Murdock Won’t Be Left Out Again


Failure has been stalking Eric Murdock for how long now? Since February of 1990, when his heart seemed to fail him, the chilling coup de grace to a terrible season? Since junior high school, when he was too frail to play basketball and too disinterested to study? Since he was 6 months old, and his 17-year-old unwed mother was struck and killed by an automobile on a dark, rural highway?

How long? How long has it been dogging him from arrears, always swiping at his coattails, reaching for the handful that would drag Murdock into a forgettable life? “The things we think of as adversity,” said Rick Pitino, who recruited Murdock for Providence before leaving, “he thinks of as nothing at all.”

Providence plays St. John’s Friday night in the quarterfinals of the Big East Tournament at Madison Square Garden, four days after Murdock was named to the league’s all-star team. The honor served as a slice of redemption, for it was one year ago that Murdock was named to the first team all-Big East team, and left off altogether in the spring. “Forgotten,” he said.

He corrected that omission by averaging 27.2 points, by breaking the NCAA career record for steals (361), by breaking the Big East record with 48 points against Pittsburgh and by queueing up with the best guards in Providence history (a heady collection, including Lenny Wilkens, Jimmy Walker and Ernie DiGregorio). It was last spring that Providence Coach Rick Barnes told Murdock, “You’re going to be remembered by your last year.” So in one spectacular winter, he has righted his course.

“I’ve still got some things left to do, but right now, I’m happy,” Murdock said. “Seems like all the hard work is paying off.”


Lip service this is not. Murdock’s rise to the nation’s elite Division I players (“If the draft were held tomorrow, I’d say he’s a top 15 pick,” said Alan Bristow of the Charlotte Hornets) comes after negotiating a most trying maturation.

“He could have been, literally, a bum, with everything,” said Vaughn Stapleton, Murdock’s high school coach in Bridgewater, N.J.

Murdock’s mother was a 16-year-old high school student when she became pregnant by a man Eric would never know. He was born in June, 1968, and during the winter, his mother was killed. Eric was taken in by his maternal grandmother, a woman named Anna Murdock, now 64. She was one of 17 children herself, and raised nine of her own; when Eric’s mother was killed, her own youngest child was only 5.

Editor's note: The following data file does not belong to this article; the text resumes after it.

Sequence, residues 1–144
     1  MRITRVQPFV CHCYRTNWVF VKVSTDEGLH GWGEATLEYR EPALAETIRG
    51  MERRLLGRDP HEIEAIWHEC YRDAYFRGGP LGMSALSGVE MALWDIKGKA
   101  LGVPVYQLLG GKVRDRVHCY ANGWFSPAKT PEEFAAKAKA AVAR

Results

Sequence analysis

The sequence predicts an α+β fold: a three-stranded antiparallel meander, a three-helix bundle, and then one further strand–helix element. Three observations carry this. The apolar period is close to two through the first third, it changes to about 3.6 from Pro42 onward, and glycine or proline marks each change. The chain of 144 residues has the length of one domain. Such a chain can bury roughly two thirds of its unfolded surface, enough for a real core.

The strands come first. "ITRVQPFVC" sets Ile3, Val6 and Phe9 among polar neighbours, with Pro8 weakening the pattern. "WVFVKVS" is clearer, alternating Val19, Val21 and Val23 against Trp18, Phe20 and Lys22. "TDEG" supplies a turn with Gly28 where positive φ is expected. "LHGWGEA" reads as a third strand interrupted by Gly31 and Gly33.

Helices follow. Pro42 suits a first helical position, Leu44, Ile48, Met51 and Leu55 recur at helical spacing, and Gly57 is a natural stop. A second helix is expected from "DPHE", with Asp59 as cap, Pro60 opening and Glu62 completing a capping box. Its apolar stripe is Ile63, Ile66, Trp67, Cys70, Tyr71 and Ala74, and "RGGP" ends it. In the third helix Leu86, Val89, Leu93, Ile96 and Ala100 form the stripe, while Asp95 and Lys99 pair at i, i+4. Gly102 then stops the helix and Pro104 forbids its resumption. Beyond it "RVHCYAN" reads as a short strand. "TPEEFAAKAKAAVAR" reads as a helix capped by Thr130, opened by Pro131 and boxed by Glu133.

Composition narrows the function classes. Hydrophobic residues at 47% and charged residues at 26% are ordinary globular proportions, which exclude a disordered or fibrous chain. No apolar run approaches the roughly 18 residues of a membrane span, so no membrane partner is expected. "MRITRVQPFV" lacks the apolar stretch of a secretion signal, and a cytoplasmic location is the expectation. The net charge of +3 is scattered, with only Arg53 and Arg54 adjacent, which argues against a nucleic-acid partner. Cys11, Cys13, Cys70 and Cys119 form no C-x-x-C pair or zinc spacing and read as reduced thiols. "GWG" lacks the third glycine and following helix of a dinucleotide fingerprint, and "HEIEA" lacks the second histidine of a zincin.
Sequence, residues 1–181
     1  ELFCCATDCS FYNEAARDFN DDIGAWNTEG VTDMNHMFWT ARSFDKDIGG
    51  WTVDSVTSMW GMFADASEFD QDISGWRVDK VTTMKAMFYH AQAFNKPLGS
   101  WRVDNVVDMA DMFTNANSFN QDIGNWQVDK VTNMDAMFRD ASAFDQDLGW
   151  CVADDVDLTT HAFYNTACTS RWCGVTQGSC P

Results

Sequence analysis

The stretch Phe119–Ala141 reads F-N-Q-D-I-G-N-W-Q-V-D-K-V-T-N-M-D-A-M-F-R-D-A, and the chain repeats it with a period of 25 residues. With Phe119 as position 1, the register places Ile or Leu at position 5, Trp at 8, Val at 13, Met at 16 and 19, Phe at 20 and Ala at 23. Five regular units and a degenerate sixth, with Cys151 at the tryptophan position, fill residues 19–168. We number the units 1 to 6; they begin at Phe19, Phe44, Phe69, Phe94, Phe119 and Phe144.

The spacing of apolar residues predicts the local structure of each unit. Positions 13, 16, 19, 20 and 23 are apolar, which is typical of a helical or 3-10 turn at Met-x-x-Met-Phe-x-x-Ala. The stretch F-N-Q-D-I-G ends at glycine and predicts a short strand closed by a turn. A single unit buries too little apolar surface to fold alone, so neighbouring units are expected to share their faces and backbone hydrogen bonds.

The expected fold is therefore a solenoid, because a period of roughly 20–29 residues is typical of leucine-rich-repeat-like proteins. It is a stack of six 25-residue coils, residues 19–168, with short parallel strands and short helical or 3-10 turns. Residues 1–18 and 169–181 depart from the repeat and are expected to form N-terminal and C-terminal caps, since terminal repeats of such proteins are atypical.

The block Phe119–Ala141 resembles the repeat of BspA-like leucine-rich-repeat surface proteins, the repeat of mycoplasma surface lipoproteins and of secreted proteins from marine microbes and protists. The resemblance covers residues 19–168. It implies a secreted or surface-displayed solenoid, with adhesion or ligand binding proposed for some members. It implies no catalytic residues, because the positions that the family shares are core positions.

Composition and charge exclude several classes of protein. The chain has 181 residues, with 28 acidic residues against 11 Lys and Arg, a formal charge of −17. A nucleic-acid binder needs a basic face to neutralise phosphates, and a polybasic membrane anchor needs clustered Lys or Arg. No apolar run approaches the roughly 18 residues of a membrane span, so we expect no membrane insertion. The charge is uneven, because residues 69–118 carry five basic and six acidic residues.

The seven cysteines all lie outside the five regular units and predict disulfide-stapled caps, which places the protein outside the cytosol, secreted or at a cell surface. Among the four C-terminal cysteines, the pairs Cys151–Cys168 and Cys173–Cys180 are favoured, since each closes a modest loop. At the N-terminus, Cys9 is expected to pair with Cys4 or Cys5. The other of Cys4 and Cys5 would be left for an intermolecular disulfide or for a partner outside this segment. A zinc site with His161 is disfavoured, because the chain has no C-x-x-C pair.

Anna’s house is on Monmouth Avenue, in the Hobbstown section of Bridgewater, a horseshoe-shaped amalgam of three streets where virtually every black person in the township lived. An assortment of uncles and cousins lived in the four-bedroom house when Eric was growing up. “There was one bathroom,” he said. “Made it a little tough getting cleaned up before school.”

Life was streamlined by necessity. “We always had the things you need in life,” Anna said. “But we never had the things you want.”

Murdock first frequented the basketball courts at Hobbstown Park when he was in grade school, but wasn’t allowed to play. “He was a skinny little, string-bean type of boy,” his grandmother said. “He’d come home and tell me, ‘Ma, I think I can play that game that they’re playing down at the park.’ I said, ‘You just wait your turn.”’

That chance would come when, as a freshman in high school, he grew several inches to 5-10, tall enough to make the junior varsity team, and even to dress for varsity games. Three years later he was the star of a team that went 29-1 and won a state championship. But in concert with his athletic rise, he was pressed toward academics and citizenship by his grandmother and by his coach and his wife, Gerry. Their roles were simple enough: affection at home, discipline at school.

“His grandmother is a wonderful woman,” Vaughn Stapleton said. “She put a lot of faith in us to guide Eric. He wasn’t doing too well in school, and we took an interest in him. After we took an interest in him, the teacher took an interest.” He will graduate from Providence, on time, with a degree in history.

Pitino recruited him at the behest of Stu Jackson, then a Providence assistant. He seemed a perfect fit for the Friars’ fast-paced system, but shortly after Murdock committed, Pitino left to coach the Knicks. It was the first backward step in Murdock’s career, though there would be others. Most notably, after averaging 16.2 points as a sophomore, he missed the preseason of his junior year with a stress fracture. On Feb. 13, 1990, he was awakened by the sensation of his heart racing, a still unexplained condition diagnosed only as an irregular heartbeat. “But when Hank Gathers died (three weeks later, of heart disease), it was tough,” Murdock said.